That we are carrying a camera is indicative of the fact that we are also searching for beauty, but we’re looking for beauty in the form of mastery of the art of human life. We want people who take life as an art form in itself and have achieved high levels of proficiency in mastering their own fates — truly a lost art in most places, let alone zombie-ridden China.

Aesthetics in the unchanging and permanent – the philosophical – sense runs much deeper than the surface. Beauty to us is thus something alive and thriving and creating its own rules. It’s a mastery of the game, an ability to seize and savor that which is necessary for both survival and happiness and to disregard the rest. We’re looking for the spirit of humanity in a place where the rush for development has made humanity more difficult to find with each passing day.

China is a world where the currents of reality run deep, and the waves come hard and fast. Many are either drowning or just barely staying afloat, but we’re not interested in them, pitiable though they may be. We’re looking for those who craft their own boats and sail atop the waves. That said, most of the characters we seek are hanging onto little bamboo rafts while huge tankers dominate the straights. We’re interested in getting to know these raft pilots, where they go, and why they go there.

The Chinese even have a phrase for what I’m describing that goes something like, “Even though the swallow is small, its five organs are all there.” Yes, it’s small, but it lives and thrives just as well as the big birds. Perhaps it even lives a more complete life for its being small.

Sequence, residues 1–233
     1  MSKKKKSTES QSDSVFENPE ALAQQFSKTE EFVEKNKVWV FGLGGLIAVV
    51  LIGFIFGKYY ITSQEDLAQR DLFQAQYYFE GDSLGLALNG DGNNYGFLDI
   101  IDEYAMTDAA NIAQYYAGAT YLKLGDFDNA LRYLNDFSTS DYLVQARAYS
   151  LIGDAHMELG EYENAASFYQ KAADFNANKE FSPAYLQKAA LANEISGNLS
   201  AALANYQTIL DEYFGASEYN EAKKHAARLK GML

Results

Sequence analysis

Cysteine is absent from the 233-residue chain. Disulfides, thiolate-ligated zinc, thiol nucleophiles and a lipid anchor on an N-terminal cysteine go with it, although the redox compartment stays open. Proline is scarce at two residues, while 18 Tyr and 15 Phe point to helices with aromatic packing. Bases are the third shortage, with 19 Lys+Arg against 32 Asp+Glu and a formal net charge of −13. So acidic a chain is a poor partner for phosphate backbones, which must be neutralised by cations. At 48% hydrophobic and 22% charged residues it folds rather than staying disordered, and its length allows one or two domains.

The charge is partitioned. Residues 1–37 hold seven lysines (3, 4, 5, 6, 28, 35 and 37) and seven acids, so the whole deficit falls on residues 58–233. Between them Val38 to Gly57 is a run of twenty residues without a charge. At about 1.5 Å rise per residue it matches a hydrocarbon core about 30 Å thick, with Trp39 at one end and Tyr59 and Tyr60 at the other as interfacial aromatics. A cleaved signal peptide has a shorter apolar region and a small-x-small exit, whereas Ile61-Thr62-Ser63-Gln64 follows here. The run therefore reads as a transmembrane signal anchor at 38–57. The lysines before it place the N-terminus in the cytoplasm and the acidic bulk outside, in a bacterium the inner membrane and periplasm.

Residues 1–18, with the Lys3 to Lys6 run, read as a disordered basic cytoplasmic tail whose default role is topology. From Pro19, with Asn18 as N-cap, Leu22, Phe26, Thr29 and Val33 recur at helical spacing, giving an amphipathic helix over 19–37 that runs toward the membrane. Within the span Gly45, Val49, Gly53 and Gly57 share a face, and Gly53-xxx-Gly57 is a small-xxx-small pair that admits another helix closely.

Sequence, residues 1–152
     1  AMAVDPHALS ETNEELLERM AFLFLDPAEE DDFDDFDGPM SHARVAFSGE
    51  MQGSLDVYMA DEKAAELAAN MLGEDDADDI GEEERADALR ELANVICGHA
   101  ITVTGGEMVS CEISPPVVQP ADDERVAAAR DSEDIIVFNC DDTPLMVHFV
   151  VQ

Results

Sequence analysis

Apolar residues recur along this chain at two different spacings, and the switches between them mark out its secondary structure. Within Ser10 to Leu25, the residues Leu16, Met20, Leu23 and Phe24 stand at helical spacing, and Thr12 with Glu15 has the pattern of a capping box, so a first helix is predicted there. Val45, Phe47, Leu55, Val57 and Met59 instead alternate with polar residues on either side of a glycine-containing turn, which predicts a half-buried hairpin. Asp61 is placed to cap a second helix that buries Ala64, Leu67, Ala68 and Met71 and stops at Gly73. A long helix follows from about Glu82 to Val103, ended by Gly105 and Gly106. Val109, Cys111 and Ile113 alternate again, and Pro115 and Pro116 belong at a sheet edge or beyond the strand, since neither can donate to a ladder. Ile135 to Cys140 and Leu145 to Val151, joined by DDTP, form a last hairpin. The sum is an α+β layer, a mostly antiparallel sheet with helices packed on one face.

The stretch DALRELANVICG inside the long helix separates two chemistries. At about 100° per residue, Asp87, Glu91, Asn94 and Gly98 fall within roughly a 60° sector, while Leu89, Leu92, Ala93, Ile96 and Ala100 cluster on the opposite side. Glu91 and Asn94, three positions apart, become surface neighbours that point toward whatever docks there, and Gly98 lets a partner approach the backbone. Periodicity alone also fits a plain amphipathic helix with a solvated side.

So that’s the perspective we take at the outset of this project: to find dignity and humanity in a place that is perhaps most replete of both. Our challenge then is to render our discoveries into a transferable medium. We hope you’ll join us for the journey.

Written by admin on Feb 18,2009 in: |

7 Comments »

  • Ash Ingole says:

    Hey Andy and Evan,

    Have a safe and fun filled journey. Just remember, mom is very worried here so take risk with a dose of reason.

    All the best!!!!

    Ash

  • Dianlin says:

    Hi,guys, it’s really amazing to know your blog and journey, a great undertaking of exploring a nation and its people, understanding their live and souls. I feel a bit shamed that I as a native even didn’t think of such a journey of discovering my country and its people in the past about 30 years. Will cross my fingers for you and keep concerned with this blog.

  • Miguel says:

    As a fellow rider and small time explorer, I’ll keep my eyes on your travel… tail winds!

  • Uln says:

    Wow, great idea! I have always been interested in the LBX because in my opinion they are the best people of China.

    I don’t know how it took me so long to find your blog, but I will be following you.

  • Joel says:

    Just subscribed – love the photos and the people-focused approach!

  • Andy says:

    Thanks, everybody!

  • [...] for a year, probably more, and frankly, I won’t be able to explain their blog better than they themselves can. Suffice to say, it is a monumental undertaking, and they’re sharing it with anyone with [...]